Maintaining a nutritious and balanced diet is important at any age, but it becomes exceedingly critical the older we get. Getting a healthy daily dosage of essential vitamins and minerals is necessary to help prevent illness and injury and to get sufficient energy to tackle everyday tasks and routines.

Why Is Nutrition So Important For Seniors?

As we age, the body and mind go through various changes that can make it more difficult to maintain health and wellbeing. Examples of these changes in older adults include:

  • Slower metabolism
  • Weakened senses
  • Higher risk of chronic health issues

Slower Metabolism

The natural metabolic processes in the body begin to slow down with age making it more difficult to burn calories before they get stored as fat. After the age of 30 your metabolic rate is on the path of gradual decline as is your muscle mass. The decline begins slowly and tends to pick up speed with each passing decade.

The result? Adults over the age of 60 should be extremely conscious of the foods they consume to avoid excess weight gain, increased risk of illness, and loss of mobility. This involves catering senior diets to foods lower in calories and richer in nutrients.

Weakened Senses

Seniors often report a declining sense of taste and smell, and a decreasing interest in food in general as they get older. When this deterioration in taste buds is combined with other factors like reduced mobility, lack of desire to cook for oneself, and loss of appetite, it can be challenging to maintain a healthy diet.

Higher Risk Of Chronic Health Issues

The culmination of a variety of factors contribute to seniors being at a higher risk for a range of ongoing health concerns. Nutrition and exercise are at the forefront and are interconnected. Regular exercise is key to preserving mobility and an independent lifestyle, but is not possible without the necessary fuel to allow it.

Nutrients and protein are essential for providing the body’s cells with the energy needed to carry out their designated functions. On the other hand, processed foods high in fat and sugar serve the opposite effect of loading the body up with empty calories that are difficult to convert to useable energy.

Essential Nutrients For Seniors

Before establishing and following a nutritious diet, it is first necessary to determine which nutrients are the most important to target. This list may vary depending on other health factors, but generally seniors should be focusing on:

  • Vitamin A
  • Vitamin D
  • Calcium
  • Fibre
  • Protein
  • Calorie intake
  • Hydration
  • Avoiding processed foods

Vitamin A

Vitamin A is essential to help prevent vision loss and compromised immune function. It also helps preserve health heart, lung, and kidney function.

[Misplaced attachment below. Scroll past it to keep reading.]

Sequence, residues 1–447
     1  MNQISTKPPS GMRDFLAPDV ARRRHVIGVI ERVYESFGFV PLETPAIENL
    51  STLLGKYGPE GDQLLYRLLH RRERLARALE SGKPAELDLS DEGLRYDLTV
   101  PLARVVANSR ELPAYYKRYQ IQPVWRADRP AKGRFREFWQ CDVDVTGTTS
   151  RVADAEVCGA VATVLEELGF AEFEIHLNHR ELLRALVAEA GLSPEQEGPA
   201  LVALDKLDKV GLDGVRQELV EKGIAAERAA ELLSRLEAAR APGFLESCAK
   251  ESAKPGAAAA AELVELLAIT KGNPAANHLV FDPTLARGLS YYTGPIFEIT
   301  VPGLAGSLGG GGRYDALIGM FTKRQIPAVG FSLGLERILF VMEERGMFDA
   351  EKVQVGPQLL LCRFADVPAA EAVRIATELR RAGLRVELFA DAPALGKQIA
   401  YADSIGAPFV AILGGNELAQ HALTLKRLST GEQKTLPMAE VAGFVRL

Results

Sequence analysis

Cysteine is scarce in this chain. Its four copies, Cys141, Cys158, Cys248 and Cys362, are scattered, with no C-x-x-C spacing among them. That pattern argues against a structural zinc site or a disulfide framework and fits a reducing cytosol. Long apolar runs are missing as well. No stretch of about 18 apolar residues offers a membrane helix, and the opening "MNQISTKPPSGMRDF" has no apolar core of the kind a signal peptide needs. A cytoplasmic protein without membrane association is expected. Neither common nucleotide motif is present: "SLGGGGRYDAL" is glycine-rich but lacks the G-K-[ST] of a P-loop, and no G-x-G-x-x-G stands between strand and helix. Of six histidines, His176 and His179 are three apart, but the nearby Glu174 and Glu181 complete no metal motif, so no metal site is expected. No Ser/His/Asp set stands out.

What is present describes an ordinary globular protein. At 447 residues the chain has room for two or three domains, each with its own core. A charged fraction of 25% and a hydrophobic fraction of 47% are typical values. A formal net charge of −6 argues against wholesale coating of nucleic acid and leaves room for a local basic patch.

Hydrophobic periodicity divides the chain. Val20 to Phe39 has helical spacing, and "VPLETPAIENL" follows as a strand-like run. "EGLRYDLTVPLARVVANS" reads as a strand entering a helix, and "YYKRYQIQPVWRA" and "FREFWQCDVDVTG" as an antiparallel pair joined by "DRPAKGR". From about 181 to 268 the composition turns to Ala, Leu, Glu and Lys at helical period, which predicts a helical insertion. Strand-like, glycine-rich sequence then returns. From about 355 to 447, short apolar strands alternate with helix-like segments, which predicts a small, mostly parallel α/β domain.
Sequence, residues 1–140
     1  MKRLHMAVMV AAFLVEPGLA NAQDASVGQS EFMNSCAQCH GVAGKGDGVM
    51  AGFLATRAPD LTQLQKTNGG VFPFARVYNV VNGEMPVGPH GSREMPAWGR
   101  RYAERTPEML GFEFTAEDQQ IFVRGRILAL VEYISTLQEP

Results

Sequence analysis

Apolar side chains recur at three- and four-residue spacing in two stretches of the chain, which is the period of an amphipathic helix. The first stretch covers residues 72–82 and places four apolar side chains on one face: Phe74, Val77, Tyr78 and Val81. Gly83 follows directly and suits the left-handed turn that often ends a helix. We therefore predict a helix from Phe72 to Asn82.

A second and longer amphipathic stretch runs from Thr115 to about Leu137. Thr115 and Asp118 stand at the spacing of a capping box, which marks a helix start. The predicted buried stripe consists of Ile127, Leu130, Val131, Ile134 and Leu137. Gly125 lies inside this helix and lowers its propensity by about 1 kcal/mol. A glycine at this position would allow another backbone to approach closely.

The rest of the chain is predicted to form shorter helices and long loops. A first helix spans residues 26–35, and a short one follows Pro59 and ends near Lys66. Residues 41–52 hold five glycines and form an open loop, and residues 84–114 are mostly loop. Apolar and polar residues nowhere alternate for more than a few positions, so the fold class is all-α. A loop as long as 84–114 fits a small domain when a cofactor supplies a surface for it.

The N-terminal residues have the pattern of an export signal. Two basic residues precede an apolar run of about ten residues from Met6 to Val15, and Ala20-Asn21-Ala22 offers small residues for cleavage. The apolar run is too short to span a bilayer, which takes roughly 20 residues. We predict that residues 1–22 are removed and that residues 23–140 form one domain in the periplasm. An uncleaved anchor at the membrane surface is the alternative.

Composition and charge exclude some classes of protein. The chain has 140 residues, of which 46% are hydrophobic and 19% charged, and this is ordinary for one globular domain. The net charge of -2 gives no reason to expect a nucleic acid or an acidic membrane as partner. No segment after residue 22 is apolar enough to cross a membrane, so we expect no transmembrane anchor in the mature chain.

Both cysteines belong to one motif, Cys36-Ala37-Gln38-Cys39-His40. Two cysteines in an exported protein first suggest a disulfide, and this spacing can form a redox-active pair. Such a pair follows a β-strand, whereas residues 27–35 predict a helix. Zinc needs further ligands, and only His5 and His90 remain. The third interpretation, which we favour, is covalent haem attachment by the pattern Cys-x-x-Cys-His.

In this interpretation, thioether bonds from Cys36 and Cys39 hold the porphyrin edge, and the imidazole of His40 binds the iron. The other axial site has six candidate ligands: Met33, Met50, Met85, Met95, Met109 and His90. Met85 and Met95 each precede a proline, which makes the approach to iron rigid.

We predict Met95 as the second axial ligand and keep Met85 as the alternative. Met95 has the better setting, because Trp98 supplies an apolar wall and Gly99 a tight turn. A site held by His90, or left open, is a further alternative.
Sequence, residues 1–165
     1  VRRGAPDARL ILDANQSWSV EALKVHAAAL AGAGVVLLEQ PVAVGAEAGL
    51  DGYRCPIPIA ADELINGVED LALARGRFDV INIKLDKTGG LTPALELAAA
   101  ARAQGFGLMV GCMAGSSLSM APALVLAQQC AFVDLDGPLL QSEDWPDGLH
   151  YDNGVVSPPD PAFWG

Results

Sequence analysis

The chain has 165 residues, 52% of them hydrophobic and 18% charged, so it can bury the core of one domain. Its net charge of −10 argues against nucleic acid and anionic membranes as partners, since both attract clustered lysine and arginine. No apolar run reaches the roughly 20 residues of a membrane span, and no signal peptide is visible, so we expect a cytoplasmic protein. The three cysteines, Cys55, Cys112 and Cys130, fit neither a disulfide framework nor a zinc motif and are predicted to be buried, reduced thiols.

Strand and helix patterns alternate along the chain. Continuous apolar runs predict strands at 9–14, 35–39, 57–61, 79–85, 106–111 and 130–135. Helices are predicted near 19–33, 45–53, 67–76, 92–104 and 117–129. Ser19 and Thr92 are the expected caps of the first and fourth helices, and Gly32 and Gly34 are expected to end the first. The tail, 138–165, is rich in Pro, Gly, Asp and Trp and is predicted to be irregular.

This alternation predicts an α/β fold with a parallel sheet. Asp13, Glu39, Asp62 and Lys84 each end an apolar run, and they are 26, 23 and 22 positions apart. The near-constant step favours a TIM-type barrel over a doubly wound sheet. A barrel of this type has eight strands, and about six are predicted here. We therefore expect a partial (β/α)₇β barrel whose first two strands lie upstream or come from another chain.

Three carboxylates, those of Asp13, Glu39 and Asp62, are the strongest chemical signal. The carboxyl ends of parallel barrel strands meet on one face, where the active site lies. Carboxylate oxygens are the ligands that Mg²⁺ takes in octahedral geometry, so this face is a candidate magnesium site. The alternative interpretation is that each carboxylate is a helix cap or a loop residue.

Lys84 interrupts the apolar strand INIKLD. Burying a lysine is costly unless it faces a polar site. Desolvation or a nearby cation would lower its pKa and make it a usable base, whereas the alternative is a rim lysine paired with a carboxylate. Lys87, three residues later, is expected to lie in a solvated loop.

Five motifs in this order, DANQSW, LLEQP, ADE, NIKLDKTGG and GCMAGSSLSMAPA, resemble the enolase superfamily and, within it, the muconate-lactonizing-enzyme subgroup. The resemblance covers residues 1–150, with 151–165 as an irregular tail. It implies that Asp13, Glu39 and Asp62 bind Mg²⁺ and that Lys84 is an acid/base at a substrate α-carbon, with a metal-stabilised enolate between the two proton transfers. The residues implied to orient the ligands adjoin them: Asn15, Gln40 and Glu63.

Good sources of Vitamin A include:

  • Leafy greens – spinach, lettuce, kale, broccoli
  • Yellow and orange fruit and veg high in carotenoids – carrots, squash, cantaloupe, apricots, mangoes
  • Tuna, salmon, beef liver
  • Dairy products

Vitamin D

Vitamin D deficiency is a widespread problem for seniors which can result in weak and brittle bones, depression, and other health issues. Sunlight is the most readily abundant source of vitamin D, so seniors that don’t get outside very often may be lacking in the nutrient.

Food sources that contain vitamin D include:

  • Oily fish – salmon, mackerel, sardines, herring
  • Egg yolks
  • Red meat and liver
  • Fortified foods and dietary supplements


Calcium is also required for strong bones and works together with vitamin D to help preserve bone strength.

Calcium can be found in:

  • Dairy products
  • Leafy greens
  • Soy and tofu
  • Fortified foods and beverages


Fibre is essential not only for aiding in digestion and regularity, but it can also help reduce cholesterol and stabilize blood sugar levels.

Good sources of fibre include:

  • Whole wheat bread, brown rice, quinoa
  • Apples, berries, bananas, pears
  • Beans, nuts, chickpeas, oatmeal


As muscle mass continues to diminish with age it is critical to get sufficient levels of protein to maintain strength, balance, and mobility. It is also needed for healthy immune resistance, and cell growth and repair.

Protein can be obtained from:

  • Fish and seafood
  • Poultry
  • Dairy products, eggs, soy, and tofu
  • Beans, nuts, and seeds
  • Beef in moderate amounts

Calorie Intake

As we get older, our bodies can no longer easily metabolize the same amount of calories, but still require the same amount of nutrients. Monitoring calorie intake and avoiding foods high in empty calories helps to maintain a healthy diet.


Along with other senses, sense of thirst also tends to weaken with age, so it is necessary to drink plenty of water throughout the day even if you are not overly thirsty.

Avoid Processed Foods

The foods you don’t eat are just as important as the foods you do eat. Target foods rich in vitamins, minerals, protein, and fibre while avoiding processed foods with excess sugar and fat. Yes, processed foods are quick and easy, but they also come with a higher risk for a wide range of health problems.